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UC Davis Arboretum Nursery hosts plant sale Sunday

Event features succulents, natives and water-wise perennials; members get in early

Some of the plants sold at the UC Davis Arboretum Nursery carry signs designating them as "future favorites," or plants adaptable to the changing climate. These include Argentine rain lilies.

Some of the plants sold at the UC Davis Arboretum Nursery carry signs designating them as "future favorites," or plants adaptable to the changing climate. These include Argentine rain lilies. Kathy Morrison

Spring has sprung and put every gardener into planting mode. But what to plant?

Find hundreds (make that thousands) of possibilities at the UC Davis Arboretum’s Teaching Nursery.

This Sunday, April 7, the arboretum’s 1-acre nursery will host its first public sale of the season. From 10 a.m. to 1 p.m., the sale will be open to everyone. Admission is free.

Want an early start on plant shopping? From 9 to 10 a.m., members of Friends of the Arboretum get first crack Sunday. Not a member? Join at the gate, get at 10% discount and a $10 coupon for the sale.

April is a wonderful time to add water-wise perennials, shrubs, trees and native plants to our landscapes. The weather is warming and so is the soil, which is moist and soft due to recent rain.

Two more sales are scheduled after Sunday: A split sale April 27 and the season-ending spring clearance May 11.

Now available online, the updated inventory list covers 53 pages from four varieties of Abutilon (flowering maple) to three species of Zephyranthes (Argentine rain or zephyr lily). Find it here:

Also useful is an accompanying photo gallery with hundreds of shots of featured plants. It helps visualize how the baby plants in their 4-inch or 1-gallon pots will look like when fully grown. (Sometimes, that’s much, much bigger.) Atop the gallery are several varieties of mangave, a succulent hybrid of agave and manfreda that’s a favorite for water-wise landscaping.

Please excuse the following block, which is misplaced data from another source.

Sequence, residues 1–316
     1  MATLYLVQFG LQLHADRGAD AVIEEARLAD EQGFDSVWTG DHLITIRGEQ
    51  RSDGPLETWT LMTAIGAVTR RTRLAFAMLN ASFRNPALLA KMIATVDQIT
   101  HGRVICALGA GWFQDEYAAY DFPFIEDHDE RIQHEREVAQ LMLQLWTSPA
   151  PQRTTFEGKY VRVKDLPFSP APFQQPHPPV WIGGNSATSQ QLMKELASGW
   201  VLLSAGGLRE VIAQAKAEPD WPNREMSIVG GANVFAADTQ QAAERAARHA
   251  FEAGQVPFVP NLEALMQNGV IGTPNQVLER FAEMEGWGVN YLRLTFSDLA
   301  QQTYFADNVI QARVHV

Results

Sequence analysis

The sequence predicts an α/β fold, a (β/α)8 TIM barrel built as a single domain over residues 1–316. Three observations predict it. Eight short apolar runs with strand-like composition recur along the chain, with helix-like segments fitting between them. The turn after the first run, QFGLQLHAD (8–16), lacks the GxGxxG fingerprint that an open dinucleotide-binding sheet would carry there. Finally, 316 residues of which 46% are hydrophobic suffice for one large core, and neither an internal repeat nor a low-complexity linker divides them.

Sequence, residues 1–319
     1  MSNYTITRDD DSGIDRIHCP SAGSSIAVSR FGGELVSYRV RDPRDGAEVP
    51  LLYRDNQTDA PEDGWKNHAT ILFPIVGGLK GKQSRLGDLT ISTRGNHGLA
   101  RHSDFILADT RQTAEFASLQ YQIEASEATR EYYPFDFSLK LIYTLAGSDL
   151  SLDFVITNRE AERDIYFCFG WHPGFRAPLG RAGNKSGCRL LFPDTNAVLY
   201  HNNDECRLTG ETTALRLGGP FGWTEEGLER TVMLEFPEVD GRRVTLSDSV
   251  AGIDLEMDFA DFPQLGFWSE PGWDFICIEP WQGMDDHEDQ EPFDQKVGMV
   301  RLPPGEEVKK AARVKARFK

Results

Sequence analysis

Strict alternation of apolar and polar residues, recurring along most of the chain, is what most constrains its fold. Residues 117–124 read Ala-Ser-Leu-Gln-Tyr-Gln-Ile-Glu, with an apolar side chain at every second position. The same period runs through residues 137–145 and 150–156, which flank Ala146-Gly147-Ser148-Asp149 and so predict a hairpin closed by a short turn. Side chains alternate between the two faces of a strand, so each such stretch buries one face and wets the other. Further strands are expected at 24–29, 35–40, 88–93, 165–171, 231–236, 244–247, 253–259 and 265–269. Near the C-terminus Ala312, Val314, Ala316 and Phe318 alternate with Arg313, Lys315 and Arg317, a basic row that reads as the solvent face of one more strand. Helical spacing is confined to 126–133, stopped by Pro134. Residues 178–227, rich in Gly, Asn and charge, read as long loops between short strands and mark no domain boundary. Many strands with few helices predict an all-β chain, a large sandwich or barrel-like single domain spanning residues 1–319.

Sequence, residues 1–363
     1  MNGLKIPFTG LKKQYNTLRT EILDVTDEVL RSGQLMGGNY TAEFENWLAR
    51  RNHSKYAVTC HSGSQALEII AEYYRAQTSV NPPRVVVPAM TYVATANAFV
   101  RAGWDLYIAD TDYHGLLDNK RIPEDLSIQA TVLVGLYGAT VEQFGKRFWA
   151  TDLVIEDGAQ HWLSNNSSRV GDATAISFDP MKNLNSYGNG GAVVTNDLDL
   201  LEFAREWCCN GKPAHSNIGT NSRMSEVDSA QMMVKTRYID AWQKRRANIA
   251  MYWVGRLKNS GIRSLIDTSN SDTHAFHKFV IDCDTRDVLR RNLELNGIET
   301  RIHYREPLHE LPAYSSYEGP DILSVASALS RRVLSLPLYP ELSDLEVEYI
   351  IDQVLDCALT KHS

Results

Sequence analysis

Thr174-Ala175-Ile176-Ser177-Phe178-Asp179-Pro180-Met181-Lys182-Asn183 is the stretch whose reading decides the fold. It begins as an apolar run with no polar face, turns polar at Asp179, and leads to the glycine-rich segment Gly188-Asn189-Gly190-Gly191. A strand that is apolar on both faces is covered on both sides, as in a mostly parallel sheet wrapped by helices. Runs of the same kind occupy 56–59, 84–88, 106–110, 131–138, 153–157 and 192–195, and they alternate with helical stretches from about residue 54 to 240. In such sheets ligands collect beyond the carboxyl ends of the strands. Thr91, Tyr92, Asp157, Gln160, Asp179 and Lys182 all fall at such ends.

See the gallery here:

Take it from our experience: Research plants before you shop, and compile a list with the plant locations in the nursery. Bring a wagon or rolling cart if you have one. Often early in the sale, there’s a waiting list for the nursery wagons.

The Arboretum Teaching Nursery is located at 1046 Garrod Drive, Davis, on the UC Davis campus near the small-animal veterinary hospital. Parking is available in the adjoining lots. Student volunteers stationed on corners can direct visitors to parking areas.

Details and directions:


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Garden Checklist for week of April 21

This week there’s plenty to keep gardeners busy. With no rain in the immediate forecast, remember to irrigate any new transplants.

* Weed, weed, weed! Get them before they flower and go to seed.

* April is the last chance to plant citrus trees such as dwarf orange, lemon and kumquat. These trees also look good in landscaping and provide fresh fruit in winter.

* Smell orange blossoms? Feed citrus trees with a low dose of balanced fertilizer (such as 10-10-10) during bloom to help set fruit. Keep an eye out for ants.

* Apply slow-release fertilizer to the lawn.

* Thoroughly clean debris from the bottom of outdoor ponds or fountains.

* Spring brings a flush of rapid growth, and that means your garden is really hungry. Feed shrubs and trees with a slow-release fertilizer. Or mulch with a 1-inch layer of compost.

* Azaleas and camellias looking a little yellow? If leaves are turning yellow between the veins, give them a boost with chelated iron.

* Trim dead flowers but not leaves from spring-flowering bulbs such as daffodils and tulips. Those leaves gather energy to create next year's flowers. Also, give the bulbs a fertilizer boost after bloom.

* Pinch chrysanthemums back to 12 inches for fall flowers. Cut old stems to the ground.

* Mulch around plants to conserve moisture and control weeds.

* From seed, plant beans, beets, cantaloupes, carrots, corn, cucumbers, melons, radishes and squash.

* Plant onion sets.

* In the flower garden, plant seeds for asters, cosmos, celosia, marigolds, salvia, sunflowers and zinnias.

* Transplant petunias, zinnias, geraniums and other summer bloomers.

* Plant perennials and dahlia tubers for summer bloom.

* Mid to late April is about the last chance to plant summer bulbs, such as gladiolus and tuberous begonias.

* Transplant lettuce seedlings. Choose varieties that mature quickly such as loose leaf.

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